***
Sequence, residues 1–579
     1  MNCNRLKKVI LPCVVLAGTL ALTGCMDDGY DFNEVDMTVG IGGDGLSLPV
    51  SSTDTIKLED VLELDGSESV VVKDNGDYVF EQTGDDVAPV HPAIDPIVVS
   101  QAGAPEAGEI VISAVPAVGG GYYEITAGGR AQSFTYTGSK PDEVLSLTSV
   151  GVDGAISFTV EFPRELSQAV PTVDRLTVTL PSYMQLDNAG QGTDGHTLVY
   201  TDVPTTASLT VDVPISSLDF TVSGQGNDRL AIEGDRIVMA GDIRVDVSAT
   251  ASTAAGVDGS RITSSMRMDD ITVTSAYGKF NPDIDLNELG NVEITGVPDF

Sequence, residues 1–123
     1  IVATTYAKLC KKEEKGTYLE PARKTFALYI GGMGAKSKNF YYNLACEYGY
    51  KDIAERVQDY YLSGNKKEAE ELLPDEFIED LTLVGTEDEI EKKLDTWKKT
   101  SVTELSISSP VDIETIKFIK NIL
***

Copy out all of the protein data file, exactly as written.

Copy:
Sequence, residues 1–579
     1  MNCNRLKKVI LPCVVLAGTL ALTGCMDDGY DFNEVDMTVG IGGDGLSLPV
    51  SSTDTIKLED VLELDGSESV VVKDNGDYVF EQTGDDVAPV HPAIDPIVVS
   101  QAGAPEAGEI VISAVPAVGG GYYEITAGGR AQSFTYTGSK PDEVLSLTSV
   151  GVDGAISFTV EFPRELSQAV PTVDRLTVTL PSYMQLDNAG QGTDGHTLVY
   201  TDVPTTASLT VDVPISSLDF TVSGQGNDRL AIEGDRIVMA GDIRVDVSAT
   251  ASTAAGVDGS RITSSMRMDD ITVTSAYGKF NPDIDLNELG NVEITGVPDF

Sequence, residues 1–123
     1  IVATTYAKLC KKEEKGTYLE PARKTFALYI GGMGAKSKNF YYNLACEYGY
    51  KDIAERVQDY YLSGNKKEAE ELLPDEFIED LTLVGTEDEI EKKLDTWKKT
   101  SVTELSISSP VDIETIKFIK NIL